I recently had the pleasure of working with PYP co-ordinator, Jacqui Ellison at Plenty Valley Christian College near Melbourne. During that time she became veryinterested in an investigation of the word <transgress> that she wanted to study with a Grade 3 class. Preparing for that study has already led Jacuqi to many rich insights. She recently emailed me with some questions that I am sharing here. How wonderful for Jacqui to share her own learning with her class and the fact that she is seeking guidance from a wider community of scholars as well. I'll share her email  and some thoughts I have along the way.

In our grade three class we were looking at the word <transgress>. We discussed the meaning and came up with the hypothesis that <trans-> was a prefix (which we proved correct) then <-ion> was identified as a suffix. So we realised that the base had to be <gress>.

 

[I'd love to know what word sum evidence from other word families your team came up with for the <trans-> prefix and the <-ion> suffix. I know there is lots of evidence to be found for these morphemes, but that process is always so rich not only for encountering interesting vocabulary, it also models to process of finding evidence for our conclusions. It is common for people to offer me words to me as evidence of a prefix or suffix that turns out not to be great evidence.]

 

The students came up with other words with <gress> in them such as <progress> and <regress>.

[Excellent! Here I get to see your studnets solid evidence. And just to nail down the fact that these words do infact offer evidence that <gress> could be a base, we should see these words in the context of a word sum:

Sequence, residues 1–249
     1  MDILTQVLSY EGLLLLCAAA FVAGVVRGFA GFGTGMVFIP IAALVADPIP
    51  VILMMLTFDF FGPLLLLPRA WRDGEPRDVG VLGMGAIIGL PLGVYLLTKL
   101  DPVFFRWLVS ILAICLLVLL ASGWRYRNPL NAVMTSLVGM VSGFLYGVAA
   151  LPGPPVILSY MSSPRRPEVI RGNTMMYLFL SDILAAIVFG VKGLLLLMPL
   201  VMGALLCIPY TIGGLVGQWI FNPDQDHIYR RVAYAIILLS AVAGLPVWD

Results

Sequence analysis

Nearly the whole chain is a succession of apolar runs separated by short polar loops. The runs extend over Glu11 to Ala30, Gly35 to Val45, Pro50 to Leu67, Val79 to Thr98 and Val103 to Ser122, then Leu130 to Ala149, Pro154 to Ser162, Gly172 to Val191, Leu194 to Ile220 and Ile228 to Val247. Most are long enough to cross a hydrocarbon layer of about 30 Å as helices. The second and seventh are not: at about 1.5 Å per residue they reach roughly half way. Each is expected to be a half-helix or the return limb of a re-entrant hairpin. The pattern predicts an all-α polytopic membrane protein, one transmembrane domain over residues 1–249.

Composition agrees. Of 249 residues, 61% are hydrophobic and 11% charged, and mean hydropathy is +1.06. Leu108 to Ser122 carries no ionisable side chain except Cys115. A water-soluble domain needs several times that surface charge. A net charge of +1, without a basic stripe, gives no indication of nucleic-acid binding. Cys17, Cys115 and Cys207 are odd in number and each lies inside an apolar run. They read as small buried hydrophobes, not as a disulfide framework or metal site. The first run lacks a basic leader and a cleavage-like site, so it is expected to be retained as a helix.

pro + gress --> progress

re + gress --> regress

With these word sums we can see that the hypothesized bound base <gress> is being fixed to known prefixes <pro-> and <re->.]

 

After this we got into groups to do the following:

1. Find out the meaning of the word I gave them, and 

2. To make some word sums

I gave out the following word teams:

<congress>/<congresses>

<progress>/<progressed>/<progression>

 

I also threw in a red herring: <tigress>/<tigresses>

Our next lesson will be presenting these and I know that the student will ask me "Why, if <tiger> is the base (a male tiger) then why not just add <–ess>?" 

Apparently the vowel <e> disappears. Why? 

Pete suggested a link to real spellers blog where I read of another question that had come up in regard to masculine feminine forms such as <actor> / <actress> and <waiter>/<waitress>.

 

[The way I found a related post was by typing "ess" in the search engine, as I was sure someone had investigated this suffix before. That search led me to this excellent discussion that I recommend you explore as well.]

Someone answered her with an idea that there is a <–ress> prefix which would possibly mean that the sum is <tiger + ress> is rewritten as tigeress still.

Does anybody have some ideas?